Through back-to-back elections in some region or other, Indian voters regularly give their feedback to various policies, schemes and governance structure of the respective governing bodies. In these elections, voters have a rich bouquet of a wide range of issues on which every party wants to present itself on solid footing. No political party wants their competitor go unchallenged on any electoral issue.
Now, the Karnataka assembly elections are around the corner. Through this article we will highlight the voting pattern and how voters’ preferences have shaped over the years in different zones of Karnataka.
Understanding the election dynamics of Karnataka
For electoral understanding, Karnataka can be clubbed into six regions owing to their historical similarities. The total of 224 assembly constituencies in Karnataka are distributed in the following six regions. These regions are colloquially popular as: Hyderabad Karnataka (40/224 seats), Bombay Karnataka (50/224), Central Karnataka (26/224), Coastal Karnataka (19/224), Southern Karnataka or Old Mysore (Mysuru) region (61/224) and Bengaluru region (28/224).
The state has a diverse representation of voters who cast their vote on varied issues. Some of the major electoral issues include ones that directly have local bearing or community’s representation in governance bodies, Hindutva, development or on the bases of Linguistic tilt.
As per voting bloc, Karnataka has five influential voting communities namely Lingayat (14%), Vokkaliga (11%), Muslim (16%), SC/ST (19.5%) and Kurubas (9%). According to past election analysis, these communities had been predominantly voting en-masse to their preferred parties. But in past assembly, Lok Sabha and by-polls elections, the saffron party, BJP, has stirred this template voting pattern.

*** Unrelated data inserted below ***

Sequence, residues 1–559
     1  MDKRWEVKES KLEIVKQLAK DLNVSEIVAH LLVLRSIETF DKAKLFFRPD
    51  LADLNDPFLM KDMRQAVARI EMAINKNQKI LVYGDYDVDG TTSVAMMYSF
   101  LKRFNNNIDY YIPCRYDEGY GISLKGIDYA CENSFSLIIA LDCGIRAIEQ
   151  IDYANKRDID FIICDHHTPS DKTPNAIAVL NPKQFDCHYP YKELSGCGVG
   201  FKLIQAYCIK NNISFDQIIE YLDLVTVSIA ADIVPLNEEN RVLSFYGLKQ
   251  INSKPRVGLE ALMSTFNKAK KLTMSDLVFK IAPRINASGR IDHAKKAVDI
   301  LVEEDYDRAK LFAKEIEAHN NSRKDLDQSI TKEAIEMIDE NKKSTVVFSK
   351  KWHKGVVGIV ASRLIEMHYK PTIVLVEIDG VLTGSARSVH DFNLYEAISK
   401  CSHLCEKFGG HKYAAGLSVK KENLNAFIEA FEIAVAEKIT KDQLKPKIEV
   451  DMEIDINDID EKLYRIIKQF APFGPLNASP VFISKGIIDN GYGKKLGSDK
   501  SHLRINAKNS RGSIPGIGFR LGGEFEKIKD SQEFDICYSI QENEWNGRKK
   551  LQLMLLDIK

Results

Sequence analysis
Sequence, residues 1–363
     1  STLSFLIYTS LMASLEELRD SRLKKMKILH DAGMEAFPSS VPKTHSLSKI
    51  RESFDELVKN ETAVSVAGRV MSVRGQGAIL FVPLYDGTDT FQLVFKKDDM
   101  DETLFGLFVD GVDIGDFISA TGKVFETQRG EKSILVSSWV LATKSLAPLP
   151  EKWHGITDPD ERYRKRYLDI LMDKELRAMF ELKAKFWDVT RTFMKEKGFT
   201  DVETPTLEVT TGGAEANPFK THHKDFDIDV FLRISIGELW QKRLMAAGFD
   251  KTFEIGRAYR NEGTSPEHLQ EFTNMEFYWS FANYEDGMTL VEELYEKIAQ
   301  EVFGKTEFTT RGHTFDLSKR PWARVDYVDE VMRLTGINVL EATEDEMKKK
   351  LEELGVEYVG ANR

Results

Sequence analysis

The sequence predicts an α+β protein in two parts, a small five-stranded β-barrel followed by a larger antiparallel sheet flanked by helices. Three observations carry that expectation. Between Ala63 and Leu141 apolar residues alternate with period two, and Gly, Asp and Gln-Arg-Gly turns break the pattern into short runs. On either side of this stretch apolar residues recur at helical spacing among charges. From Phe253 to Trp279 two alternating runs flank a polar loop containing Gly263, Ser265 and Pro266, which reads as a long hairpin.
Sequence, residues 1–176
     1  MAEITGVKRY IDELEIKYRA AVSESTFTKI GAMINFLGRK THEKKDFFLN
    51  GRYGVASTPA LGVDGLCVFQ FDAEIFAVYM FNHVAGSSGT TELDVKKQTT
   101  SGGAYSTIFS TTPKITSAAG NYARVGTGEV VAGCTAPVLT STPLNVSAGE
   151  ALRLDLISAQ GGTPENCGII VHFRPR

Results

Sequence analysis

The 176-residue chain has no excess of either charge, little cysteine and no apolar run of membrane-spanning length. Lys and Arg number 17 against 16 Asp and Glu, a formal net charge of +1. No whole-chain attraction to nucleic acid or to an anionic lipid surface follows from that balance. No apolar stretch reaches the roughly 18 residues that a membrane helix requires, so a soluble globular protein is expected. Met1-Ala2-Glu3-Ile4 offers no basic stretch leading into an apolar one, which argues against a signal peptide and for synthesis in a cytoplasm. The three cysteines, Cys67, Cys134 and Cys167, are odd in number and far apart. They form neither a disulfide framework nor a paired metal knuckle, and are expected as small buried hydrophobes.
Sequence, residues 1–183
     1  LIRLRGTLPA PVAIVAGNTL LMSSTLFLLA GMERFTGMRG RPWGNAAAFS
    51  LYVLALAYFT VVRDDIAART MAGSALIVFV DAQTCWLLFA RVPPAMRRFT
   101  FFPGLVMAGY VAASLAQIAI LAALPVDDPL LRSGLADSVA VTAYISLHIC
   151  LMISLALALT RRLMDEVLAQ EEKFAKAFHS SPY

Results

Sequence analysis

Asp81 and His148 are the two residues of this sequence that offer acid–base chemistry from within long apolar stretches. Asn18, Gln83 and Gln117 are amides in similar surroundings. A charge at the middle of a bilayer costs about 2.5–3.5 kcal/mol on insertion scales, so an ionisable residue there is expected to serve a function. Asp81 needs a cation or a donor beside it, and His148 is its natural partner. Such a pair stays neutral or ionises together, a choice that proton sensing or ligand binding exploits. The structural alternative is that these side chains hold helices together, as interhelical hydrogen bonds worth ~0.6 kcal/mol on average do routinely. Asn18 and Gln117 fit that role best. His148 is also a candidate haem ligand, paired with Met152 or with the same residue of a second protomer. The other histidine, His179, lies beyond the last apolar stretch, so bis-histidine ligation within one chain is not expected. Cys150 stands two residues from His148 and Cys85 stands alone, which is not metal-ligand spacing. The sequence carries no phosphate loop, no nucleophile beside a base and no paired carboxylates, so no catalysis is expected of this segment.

For a very long time, BJP has been meticulously planning to make a sizable dent in Congress and JDS’ vote share. BJP has received success in making inroads in constituencies that were earlier considered as Congress or JDS bastions. For example, in by-elections, BJP won the Sindgi seat which was seen as JDS bastion.
Community wise voting trends and their political issues
Election is a complex process, so is guessing the wind direction in a multi-cornered contest. But as per the things currently poised, the Karnataka assembly election seems to be a different ball game for BJP.
Analysis of past election results suggest that Lingayats have been electorally strengthening BJP. Barring a few voters, the entire community has been standing steadfast with BJP stalwart B.S. Yediyurappa, the biggest Lingayat leader in the election fray.
Similarly, Muslims have been voting en-masse to JDS. Being a regional party, JDS has always tried to cash on rhetorical local issues and playing insider vs outsider and anti-North Indian cards among others.
Further, Congress on account of Siddaramaiah, party’s tallest Kuruba leader, in the past had received majority of votes from Kuruba community. Election analysis further suggests that the majority of SC/ST voters have been entrusting Congress.
On region wise analysis, a peculiar trend emerges
In past elections, in Hyderabad Karnataka, linguistic issues had impacted election results. SC/ST and Telugu speakers being a predominant voting community here, made Congress a dominant player in this region.
Similarly, Bombay Karnataka is hailed as Lingayat belt that has predominantly swayed towards BJP. However, the purported reports of internal party rifts within the BJP Karnataka unit may negatively impact the party, if it fails to tackle the issue tactfully. Otherwise, things can go out of hand and the opposition can cash in on this in-fighting.
Going ahead, Coastal Karnataka is claimed to be the hotbed for Hindutva politics. BJP has been the major player in this region. But in the past few weeks, BJP has seen a strange opposition. The party is facing irk of Pramod Muthalik, the head of Rashtriya Hindu Sena. So, if BJP wants to repeat its past performance in this region, it has to quell any possible opposition or division in Hindutva politics.
As per current and past trends, BJP is in an advantageous position in the Bengaluru region where Kannada as well as North Indian voters have equal sway. Similarly, Central Karnataka has been yielding mixed results.
But the major challenge for BJP will be in the Southern Karnataka or Old Mysore (Mysuru) region. H. D. Deve Gowda ( Vokkaliga) and Siddaramaiah (Kurwas) hail from this region. On account of that, the region has seen a tough fight between Congress and JD(S). For example, in 2013, Congress dominated the Southern Karnataka region. So, a repeat of BJP’s government will not be possible without winning sizable seats in this Congress/JD(S) dominated region.